Figure 1. XRD pattern of 100 nm-thick CrOx thin film. Inserted image is transmittance spectra of CrOx films in visible light range.

partial pressure (6%), so the structure of film remains primarily amorphous or poor cystallinity. This result is similar to that of other studies about chromium oxide thin films [12] [13] . Transmission spectrum of CrOx film in the wavelength rang of 400 - 1100 nm was inserted in Figure 1. It is a large variation of transmittance in the wavelength range lower than 600 nm. In contrast, the transmission is nearly constant and about 65% in the region of 600 - 1100 nm.

Figure 2 shows SEM images of CrOx films prepared by reactive sputtering technique. Figure 2(a) and Figure 2(b) exhibit cross-section images of Pt/Ti/SiO2/Si substrate and CrOx film on this substrate, respectively. It is found that thickness of CrOx film is approximately 100 nm and surface morphology is relative smooth. In addition, the microstructure of film appears to be rather porous with many small holes inside. This feature is perfectly suitable with the amorphous structure as shown in XRD from Figure 1. For I-V measurement, 100-nm- thick CrOx films was deposited on Pt substrate (Figure 2(c)). The grain size of this film is hard to examine due to unclear grain boundaries. For C-AFM measurement, CrOx film with only 10 nm in thickness was prepared on Ag bottom electrode (Figure 2(d)). In this case, particles distribute uniformly and grain size is smaller compared to that of 100-nm-thick CrOx films.

Figure 3 shows the typical current?voltage (I-V) curve of Ag/CrOx/Pt device investigated by applying electric field process of 0 à −1.5 V à 0 à 2 V à 0 V. The schematic of I-V measurement was inserted at the left

(a) (b)(c) (d)

Figure 2. SEM images of CrOx thin film. Cross-section images of (a) Pt commercial substrate and (b) 100 nm-CrOx/Pt. Top-view images of (c) 100 nm-CrOx/Pt and (d) 10 nm-CrOx/Ag.

Figure 3. Typical bipolar resistive switching characteristics of Ag/CrOx/Pt devices. Schematics view of CrOx thin film for current-voltage measurement and endurance of device were inserted at the lower left and right corners, respectively.

corner of Figure 3. In this case, Pt bottom electrode was applied by electrical field whereas Ag top electrode was always grounded. CrOx films exhibit forming?free bipolar resistive switching bahavior in the range of −1.5 V à 2 V with high endurance performance as seen in the insert at the right corner of Figure 3. For Ag/CrOx/Pt device, mechanism of resistive switching was proposed by the following electrochemical metallization mechanism [14] . By sweeping the voltage from 0 à −1.5 V, an electrochemical reaction occurs in the anode (Ag), which oxidizes the Ag metal atoms to Ag ions. These metal ions Ag start from the top interface and easily drift through the amorphous CrOx films to connect the bottom electrode. At the Pt cathode, an electrochemical reduction and an electro-crystallization of Ag occur. This process results in the formation of an Ag filament and connects from the Pt electrode to the Ag top electrode. Once the connecting process completes, the switching from HRS to LRS happens (route 1). The LRS state remains during sweeping from −1.5 à 0 V. When applying the opposite polarity, the dissolution of the Ag filament occurs leading to the abrupt switching from LRS to HRS (route 3).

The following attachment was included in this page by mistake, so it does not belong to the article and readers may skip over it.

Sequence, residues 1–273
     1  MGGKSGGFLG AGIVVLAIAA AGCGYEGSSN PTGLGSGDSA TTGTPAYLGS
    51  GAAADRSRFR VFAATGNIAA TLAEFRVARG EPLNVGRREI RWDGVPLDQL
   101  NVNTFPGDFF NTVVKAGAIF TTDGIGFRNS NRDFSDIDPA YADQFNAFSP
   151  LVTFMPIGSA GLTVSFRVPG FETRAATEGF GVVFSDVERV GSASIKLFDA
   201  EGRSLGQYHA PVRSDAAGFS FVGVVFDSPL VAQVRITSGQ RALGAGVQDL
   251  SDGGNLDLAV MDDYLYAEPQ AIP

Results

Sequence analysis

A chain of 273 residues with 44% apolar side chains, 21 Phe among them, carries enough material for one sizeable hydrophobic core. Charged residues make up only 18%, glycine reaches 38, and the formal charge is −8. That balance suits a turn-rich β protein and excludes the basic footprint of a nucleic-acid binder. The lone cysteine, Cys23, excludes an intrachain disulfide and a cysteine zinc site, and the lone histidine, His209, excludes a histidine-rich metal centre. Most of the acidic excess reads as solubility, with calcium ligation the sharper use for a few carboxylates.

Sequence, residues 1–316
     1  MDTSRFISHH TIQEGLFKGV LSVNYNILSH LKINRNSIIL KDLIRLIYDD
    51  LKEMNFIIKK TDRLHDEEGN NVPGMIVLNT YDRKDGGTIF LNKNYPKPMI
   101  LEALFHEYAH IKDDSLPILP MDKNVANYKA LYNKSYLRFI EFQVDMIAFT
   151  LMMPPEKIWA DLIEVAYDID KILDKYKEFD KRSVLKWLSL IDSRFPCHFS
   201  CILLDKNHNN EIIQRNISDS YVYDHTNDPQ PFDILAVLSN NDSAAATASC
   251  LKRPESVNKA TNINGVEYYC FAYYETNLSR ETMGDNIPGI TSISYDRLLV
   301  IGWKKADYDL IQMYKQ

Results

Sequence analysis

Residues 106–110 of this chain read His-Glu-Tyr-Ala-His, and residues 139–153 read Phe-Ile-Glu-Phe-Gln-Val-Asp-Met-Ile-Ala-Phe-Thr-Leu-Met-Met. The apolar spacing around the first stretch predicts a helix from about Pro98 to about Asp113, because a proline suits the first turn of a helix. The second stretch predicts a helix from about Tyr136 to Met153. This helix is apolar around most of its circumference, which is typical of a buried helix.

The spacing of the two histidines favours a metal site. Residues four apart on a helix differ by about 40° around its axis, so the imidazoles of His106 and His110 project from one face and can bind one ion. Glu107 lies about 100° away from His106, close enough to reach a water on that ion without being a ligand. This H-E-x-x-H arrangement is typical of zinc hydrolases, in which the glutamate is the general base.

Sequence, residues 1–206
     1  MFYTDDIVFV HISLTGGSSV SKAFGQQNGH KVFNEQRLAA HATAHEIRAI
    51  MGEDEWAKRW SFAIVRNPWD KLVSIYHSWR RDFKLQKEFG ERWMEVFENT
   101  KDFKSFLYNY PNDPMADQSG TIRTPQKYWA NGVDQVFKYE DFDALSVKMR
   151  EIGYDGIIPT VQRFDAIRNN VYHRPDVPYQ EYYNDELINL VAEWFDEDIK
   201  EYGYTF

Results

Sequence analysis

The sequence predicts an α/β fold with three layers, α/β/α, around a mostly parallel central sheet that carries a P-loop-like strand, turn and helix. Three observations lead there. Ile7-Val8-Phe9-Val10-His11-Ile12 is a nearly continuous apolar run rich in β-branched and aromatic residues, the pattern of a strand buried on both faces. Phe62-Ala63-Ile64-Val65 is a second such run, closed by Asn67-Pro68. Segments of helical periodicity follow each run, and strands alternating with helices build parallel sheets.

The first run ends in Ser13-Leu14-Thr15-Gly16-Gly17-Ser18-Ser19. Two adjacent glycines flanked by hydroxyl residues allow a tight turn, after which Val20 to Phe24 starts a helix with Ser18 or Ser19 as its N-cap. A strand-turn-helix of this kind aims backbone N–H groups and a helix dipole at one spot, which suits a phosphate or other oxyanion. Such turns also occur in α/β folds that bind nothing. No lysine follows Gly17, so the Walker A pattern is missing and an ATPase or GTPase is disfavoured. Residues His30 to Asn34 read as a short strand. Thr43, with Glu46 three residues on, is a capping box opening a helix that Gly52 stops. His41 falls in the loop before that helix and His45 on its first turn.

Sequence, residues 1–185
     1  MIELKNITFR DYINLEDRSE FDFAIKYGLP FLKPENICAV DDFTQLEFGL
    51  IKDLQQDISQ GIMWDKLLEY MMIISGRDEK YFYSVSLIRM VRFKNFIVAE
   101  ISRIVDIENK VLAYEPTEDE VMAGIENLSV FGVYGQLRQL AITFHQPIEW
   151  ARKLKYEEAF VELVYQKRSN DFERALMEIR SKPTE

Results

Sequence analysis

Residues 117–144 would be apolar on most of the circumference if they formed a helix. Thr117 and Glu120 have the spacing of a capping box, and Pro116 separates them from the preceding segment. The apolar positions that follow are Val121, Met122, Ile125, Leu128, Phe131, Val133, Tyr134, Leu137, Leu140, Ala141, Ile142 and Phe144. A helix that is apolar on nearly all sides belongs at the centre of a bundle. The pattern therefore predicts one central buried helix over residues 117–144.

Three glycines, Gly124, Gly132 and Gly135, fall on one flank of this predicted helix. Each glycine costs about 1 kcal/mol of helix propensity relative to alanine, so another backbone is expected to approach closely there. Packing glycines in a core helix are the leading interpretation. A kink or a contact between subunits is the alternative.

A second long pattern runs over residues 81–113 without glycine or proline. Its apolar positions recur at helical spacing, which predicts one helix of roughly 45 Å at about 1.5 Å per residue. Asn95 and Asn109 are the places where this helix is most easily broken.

The direct observation of resistive switching mechanism of CrOx film has been justified by C-AFM. In our work, 10-nm-thick CrOxA/Ag/glass structure was prepared for the test. Here, Ag layer plays a role as a bottom electrode while Pt-coated tip of AFM system plays a role of top electrode (Figure 4(a)). Current mapping images are performed in the specific scanning area of 1 × 1 µm2. For a virgin device, no leakage current is detected. This means that the initial state of device is HRS. When we apply a bias voltage of 0.5 V on Ag layer, there is no change in leakage current or the device till keeps HRS. With an increase of the bias voltage to 1 V, the leakage currents begins more clearly and device switchs to LRS state. There are appearances of randomly local bright pots which are high contrast to almost dark background of current map (in the above half part of Figure 4(b) and Figure 4(c)). This confirms that there is formation of silver conducting paths for current flow through metal oxide thin film under positive bias. Current compliance (Ic) is set up at 10 nA to avoid the permanent beakdown on device.

After completing the scanning with the down direction, the process is executed again with the up direction. For comparison, the latter scanning process performs only on the below half part of the mapping images. At this time, negative voltage of −1 V is applied on the Ag bottom electrode. It shows that conductive regions are completely vanished and previous bright pots has been totally disappeared (the below half part of Figure 4(b) and Figure 4(c)). This means that by changing the polarity of the bias voltage, Ag metal can be dissolved at the end of filaments leading the rupture of conductive paths. Device turns back to HRS. These evidences affirm that the mechanism of resistive switching effect in CrOx films was controlled by formation/annihilation of conductive paths forming by electricalchemical redox of active metal electrode at the interfaces between CrOx layer and electrodes.